3. Develop "know if" scenarios – Create process flows of how the business will, or could, use the DW information. The key here is that the team cannot accept the business telling them " we know what to do, just get us the data." An example would be a process describing how customer Scores will be calculated and presented at various touchpoints. The result of this process will be the business recognizing and committing to new ways of using information Benefits of this technique are twofold. Obviously, it forces business users to think differently than just "getting data" and more toward business change. Secondly, the technique lays down a base line of process knowledge and human capital required to full exploit the DW.
Apolitical means that you will be able to derive the future DW environment you truly need vs. a fight over theoretical constructs such as atomic data warehouse, star schema and federated data marts - all great approaches within perfect scenarios. However, none of these constructs singularly support advanced BI or long-term actionable use of information (i..e, no religious wars).

Value Chain Analysis Techniques

These techniques develop models that depict where and when the business will use information to increase value or achieve goals.

  1. Determine high-value processes that utilize information for corporate benefit – these are identified from the "know if" scenarios.
  2. Create models of the high-level business flow of information, by SUBJECT AREA, as it will flow through the organization.
  3. Analyze INTEROPERABILITY between all processes in this high-level flow. You are looking for latency issues, volume bottlenecks or areas where data controls will be critical.

Quantitative Design Techniques

These techniques determine agnostic frameworks for BI. That is, they identify what types of access layers and data movement is required for your particular data analysis and usage requirements. The agnostic label again emphasizes that a sustainable, actionable DW does not pursue a single vision of schema or operation (star schema, atomic, etc.) but creates a framework that can adapt to business needs over time.

  1. Merge the analysis of measures and interoperability to determine a framework. (Framework here means the nature and sequence that the combination of granular data stores, summarized stores, operational stores etc. are implemented.) Cross- analyze measure and ISC latencies volumes etc. to shortlist required technology and meta data.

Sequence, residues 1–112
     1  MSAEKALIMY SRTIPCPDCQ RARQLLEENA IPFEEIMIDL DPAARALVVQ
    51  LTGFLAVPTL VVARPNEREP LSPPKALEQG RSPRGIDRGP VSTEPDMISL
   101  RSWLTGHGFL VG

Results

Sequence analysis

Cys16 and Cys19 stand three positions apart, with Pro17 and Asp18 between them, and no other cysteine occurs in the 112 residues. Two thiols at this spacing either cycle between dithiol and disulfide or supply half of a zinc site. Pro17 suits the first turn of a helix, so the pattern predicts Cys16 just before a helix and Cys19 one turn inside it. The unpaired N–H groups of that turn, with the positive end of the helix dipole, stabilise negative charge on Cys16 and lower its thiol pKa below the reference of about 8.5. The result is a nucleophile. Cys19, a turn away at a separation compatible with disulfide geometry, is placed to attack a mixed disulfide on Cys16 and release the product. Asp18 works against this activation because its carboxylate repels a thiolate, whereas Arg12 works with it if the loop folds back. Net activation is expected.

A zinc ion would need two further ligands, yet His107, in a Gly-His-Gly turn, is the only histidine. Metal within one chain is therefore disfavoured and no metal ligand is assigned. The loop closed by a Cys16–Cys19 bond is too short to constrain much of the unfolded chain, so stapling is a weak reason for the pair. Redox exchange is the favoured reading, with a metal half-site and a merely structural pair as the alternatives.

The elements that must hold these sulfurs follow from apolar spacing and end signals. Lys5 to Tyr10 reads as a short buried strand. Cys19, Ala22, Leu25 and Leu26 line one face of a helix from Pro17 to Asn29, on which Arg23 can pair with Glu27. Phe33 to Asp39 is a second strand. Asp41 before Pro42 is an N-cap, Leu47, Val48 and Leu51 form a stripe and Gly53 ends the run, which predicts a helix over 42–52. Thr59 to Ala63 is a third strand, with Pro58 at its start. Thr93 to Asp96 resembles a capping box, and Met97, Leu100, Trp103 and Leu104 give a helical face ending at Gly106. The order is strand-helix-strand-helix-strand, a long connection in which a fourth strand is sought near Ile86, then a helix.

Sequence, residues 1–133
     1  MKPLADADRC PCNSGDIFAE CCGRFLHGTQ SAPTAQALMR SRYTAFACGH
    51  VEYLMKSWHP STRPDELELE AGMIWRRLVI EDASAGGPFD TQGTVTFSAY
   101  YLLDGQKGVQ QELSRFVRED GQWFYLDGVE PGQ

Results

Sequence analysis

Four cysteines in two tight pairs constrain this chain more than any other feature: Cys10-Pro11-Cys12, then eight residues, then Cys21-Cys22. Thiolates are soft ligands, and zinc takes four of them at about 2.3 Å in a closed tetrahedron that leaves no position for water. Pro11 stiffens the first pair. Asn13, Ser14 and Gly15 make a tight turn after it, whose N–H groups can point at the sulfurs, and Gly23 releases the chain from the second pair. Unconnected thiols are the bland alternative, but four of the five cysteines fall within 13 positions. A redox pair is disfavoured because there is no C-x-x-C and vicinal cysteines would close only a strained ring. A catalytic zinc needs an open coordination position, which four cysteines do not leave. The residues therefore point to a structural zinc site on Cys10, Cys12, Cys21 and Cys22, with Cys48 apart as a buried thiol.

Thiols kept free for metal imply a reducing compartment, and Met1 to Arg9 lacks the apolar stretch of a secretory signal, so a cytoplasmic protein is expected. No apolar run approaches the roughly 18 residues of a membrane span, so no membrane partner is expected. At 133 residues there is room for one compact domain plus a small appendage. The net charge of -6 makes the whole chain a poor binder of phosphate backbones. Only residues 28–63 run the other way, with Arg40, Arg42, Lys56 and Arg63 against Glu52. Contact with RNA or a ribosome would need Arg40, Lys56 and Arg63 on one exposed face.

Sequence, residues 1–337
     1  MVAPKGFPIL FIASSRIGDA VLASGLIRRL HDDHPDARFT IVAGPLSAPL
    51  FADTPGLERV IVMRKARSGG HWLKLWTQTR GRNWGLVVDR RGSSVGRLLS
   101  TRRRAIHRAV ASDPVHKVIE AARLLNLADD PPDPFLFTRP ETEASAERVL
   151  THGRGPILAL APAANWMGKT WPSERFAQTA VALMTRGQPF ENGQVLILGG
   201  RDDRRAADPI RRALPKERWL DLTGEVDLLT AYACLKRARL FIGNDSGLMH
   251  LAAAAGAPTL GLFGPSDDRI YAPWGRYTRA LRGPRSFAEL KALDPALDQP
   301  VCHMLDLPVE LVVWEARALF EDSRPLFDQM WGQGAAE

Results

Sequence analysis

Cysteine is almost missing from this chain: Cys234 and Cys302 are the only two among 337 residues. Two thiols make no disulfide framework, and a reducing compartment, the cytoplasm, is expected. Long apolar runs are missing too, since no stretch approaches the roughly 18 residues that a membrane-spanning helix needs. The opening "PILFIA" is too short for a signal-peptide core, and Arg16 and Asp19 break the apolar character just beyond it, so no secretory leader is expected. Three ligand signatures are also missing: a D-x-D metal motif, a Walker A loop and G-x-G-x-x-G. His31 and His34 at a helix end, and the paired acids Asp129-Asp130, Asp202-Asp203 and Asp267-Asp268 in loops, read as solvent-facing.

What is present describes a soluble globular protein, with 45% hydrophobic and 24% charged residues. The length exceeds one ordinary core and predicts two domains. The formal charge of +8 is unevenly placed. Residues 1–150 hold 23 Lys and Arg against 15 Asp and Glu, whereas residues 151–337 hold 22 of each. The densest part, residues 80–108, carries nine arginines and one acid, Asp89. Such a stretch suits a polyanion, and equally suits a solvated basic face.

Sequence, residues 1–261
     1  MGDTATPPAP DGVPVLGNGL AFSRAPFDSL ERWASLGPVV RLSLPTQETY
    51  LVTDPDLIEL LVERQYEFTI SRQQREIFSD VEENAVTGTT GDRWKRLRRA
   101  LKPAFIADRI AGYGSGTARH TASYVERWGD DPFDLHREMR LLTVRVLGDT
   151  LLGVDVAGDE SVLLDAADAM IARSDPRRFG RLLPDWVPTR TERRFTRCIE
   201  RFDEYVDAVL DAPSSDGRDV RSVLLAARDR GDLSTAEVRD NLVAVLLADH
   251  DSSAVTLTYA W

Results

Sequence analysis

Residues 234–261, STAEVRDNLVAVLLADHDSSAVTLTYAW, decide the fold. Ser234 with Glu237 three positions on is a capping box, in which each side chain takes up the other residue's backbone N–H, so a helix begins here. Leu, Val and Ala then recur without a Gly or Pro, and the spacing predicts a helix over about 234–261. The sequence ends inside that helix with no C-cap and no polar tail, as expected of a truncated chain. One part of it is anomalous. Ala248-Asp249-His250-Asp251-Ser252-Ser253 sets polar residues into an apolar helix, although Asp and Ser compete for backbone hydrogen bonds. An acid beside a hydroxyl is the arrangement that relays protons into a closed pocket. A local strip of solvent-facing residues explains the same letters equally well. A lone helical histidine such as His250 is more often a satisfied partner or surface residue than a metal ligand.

2. Use clustering techniques to determine applications that are aligned with business drivers. An example is to do an affinity analysis between measure attributes and objectives, or attributes and measures.
  3. Correlate the framework requirements to the applications to identify a series of iterations to implement new BI applications. Use the measures to identify ROI opportunities and build the business case.

Once you get on a roll, the extended DW will support development of new business process models. These will reflect potential opportunities to use new information. After the frameworks have been defined and projects are designated, then a change management plan for business processes can be developed and implemented. After all, these techniques have most likely pointed out that there is an opportunity to do business better once the information is produced by the DW. The potential organizational changes require a comprehensive plan that systematically assesses and addresses the cultural impacts of sharing information.
Unfortunately, many DW shops do not believe that analysis and discipline can result in discovering a business case for reengineering. They will miss their opportunity to advance to a more beneficial second or third generation DW/BI. CIOs will have to argue successfully for more mature approaches to information handling.